“And we are also helping veterans to find agricultural jobs—from crop management to working with packers and distributors—and we offer mentoring programs, financial grants, and resource connections to help them get started.”

While the Coalition is “still in its infancy stage,” it has already helped many veterans find jobs, start careers and establish farming operations. Consider Adam Burke, a combat veteran and Purple Heart recipient who was wounded in battle during a 15-month tour in Iraq. Burke established the Red, White and Blueberry Farm near Jacksonville, Florida.

According to the company Web site, the farm helps disabled combat veterans reintegrate back into society through the use of horticulture therapy, while working together in a relaxed, open environment. Burke hires disabled vets who are trying to integrate back into civilian society and provides vocational therapy to those who need it the most.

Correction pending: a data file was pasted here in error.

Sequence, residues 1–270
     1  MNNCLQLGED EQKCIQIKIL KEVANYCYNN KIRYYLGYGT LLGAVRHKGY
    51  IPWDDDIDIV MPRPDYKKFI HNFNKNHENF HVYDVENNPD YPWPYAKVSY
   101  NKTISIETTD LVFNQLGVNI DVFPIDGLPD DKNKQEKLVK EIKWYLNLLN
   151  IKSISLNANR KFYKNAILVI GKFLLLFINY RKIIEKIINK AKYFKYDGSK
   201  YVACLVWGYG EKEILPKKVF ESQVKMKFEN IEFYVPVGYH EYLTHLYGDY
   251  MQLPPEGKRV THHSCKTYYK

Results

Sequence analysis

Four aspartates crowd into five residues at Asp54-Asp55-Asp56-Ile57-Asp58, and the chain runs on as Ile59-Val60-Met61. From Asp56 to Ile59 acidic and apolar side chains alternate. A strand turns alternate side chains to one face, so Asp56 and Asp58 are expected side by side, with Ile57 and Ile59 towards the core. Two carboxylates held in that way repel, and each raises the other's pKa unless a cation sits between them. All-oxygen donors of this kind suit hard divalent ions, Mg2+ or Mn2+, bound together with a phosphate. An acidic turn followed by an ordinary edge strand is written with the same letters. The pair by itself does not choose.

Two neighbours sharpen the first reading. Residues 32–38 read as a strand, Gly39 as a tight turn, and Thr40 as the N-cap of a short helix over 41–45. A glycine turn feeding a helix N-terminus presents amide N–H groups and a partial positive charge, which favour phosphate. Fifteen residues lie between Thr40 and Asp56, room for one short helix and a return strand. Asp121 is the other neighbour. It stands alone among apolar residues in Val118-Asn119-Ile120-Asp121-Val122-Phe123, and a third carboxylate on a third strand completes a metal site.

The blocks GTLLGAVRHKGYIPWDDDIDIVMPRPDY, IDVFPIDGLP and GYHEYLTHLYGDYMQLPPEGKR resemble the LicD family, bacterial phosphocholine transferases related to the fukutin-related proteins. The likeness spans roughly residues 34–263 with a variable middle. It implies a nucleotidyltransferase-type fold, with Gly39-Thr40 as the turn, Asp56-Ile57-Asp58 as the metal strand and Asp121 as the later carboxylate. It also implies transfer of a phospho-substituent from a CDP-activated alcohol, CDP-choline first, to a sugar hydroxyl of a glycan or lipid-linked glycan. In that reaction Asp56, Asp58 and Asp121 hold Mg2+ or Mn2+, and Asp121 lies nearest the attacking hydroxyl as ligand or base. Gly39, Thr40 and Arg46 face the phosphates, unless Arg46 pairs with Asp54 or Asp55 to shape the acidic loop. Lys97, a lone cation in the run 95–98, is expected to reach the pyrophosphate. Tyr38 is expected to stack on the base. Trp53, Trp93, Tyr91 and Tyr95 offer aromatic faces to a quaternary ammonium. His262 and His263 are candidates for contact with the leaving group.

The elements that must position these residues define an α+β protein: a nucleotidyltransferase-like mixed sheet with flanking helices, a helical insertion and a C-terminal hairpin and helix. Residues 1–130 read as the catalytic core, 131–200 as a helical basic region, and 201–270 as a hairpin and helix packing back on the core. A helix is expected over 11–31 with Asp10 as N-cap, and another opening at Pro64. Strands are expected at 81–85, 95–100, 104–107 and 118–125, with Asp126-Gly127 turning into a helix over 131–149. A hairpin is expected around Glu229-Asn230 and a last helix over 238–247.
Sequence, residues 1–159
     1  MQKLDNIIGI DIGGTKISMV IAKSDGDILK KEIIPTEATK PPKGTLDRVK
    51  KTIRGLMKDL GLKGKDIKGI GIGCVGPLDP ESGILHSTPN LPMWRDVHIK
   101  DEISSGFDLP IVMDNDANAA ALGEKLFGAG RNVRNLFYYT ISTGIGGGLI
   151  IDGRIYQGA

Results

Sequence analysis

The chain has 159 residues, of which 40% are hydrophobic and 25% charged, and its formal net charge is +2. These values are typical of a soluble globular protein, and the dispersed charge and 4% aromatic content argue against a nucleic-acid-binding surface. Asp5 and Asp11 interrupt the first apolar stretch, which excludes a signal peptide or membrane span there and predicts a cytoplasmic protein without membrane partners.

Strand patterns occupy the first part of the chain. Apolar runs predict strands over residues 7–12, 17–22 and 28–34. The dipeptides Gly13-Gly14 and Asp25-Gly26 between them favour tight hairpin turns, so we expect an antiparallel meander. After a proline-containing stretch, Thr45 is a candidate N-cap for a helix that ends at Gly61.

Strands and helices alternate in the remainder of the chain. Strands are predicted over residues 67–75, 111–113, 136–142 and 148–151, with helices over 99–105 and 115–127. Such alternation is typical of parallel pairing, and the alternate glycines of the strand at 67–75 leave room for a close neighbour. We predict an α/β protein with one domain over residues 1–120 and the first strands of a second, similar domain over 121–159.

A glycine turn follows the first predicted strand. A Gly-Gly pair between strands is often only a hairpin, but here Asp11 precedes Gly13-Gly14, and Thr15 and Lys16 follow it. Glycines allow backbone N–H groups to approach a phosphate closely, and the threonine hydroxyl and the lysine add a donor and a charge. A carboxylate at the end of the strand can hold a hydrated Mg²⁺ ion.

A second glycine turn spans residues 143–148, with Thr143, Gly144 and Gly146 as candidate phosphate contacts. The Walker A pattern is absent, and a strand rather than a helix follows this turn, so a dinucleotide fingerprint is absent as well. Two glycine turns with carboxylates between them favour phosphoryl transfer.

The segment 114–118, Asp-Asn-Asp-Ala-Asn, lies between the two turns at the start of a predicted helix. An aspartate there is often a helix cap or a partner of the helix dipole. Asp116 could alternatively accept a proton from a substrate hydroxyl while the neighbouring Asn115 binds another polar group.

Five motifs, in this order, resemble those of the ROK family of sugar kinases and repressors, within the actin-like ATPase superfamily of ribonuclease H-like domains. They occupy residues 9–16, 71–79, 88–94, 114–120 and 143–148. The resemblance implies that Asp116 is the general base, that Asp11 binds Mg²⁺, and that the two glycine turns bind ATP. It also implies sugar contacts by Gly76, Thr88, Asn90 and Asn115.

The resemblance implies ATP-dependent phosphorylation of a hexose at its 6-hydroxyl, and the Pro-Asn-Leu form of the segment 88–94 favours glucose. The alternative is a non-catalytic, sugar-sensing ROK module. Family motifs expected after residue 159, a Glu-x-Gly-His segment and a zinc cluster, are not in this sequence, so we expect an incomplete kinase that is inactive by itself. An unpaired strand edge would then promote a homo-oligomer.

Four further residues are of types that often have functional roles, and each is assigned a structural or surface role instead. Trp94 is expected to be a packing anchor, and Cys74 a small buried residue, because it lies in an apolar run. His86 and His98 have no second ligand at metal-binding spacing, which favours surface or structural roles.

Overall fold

Other success stories for the coalition include two poultry operations near Fayetteville, Arkansas, and a planned organic vegetable farming operation outside the Dallas-Ft. Worth area designed to provide fresh vegetables to urban dwellers with a farm-to-market enterprise.

“We are also helping many vets to get certifications for industry jobs and can connect them with university programs where they can lay a foundation for a career path in the ag industry,” Ritthaler adds.

“Returning from a theater of war and being released back into civilian society can be a challenge for many and we hope that our efforts will help many vets get back to their roots and learn to be positive and productive role models for others who will follow,” he says.

With a massive withdrawal of U.S. troops from Iraq scheduled in December, more and more veterans will begin to re-enter society as civilians and many will find high unemployment and a tough job market waiting when they return home. Ritthaler hopes the Farmer-Veteran Coalition can help both veterans and the agriculture industry in the months and years ahead.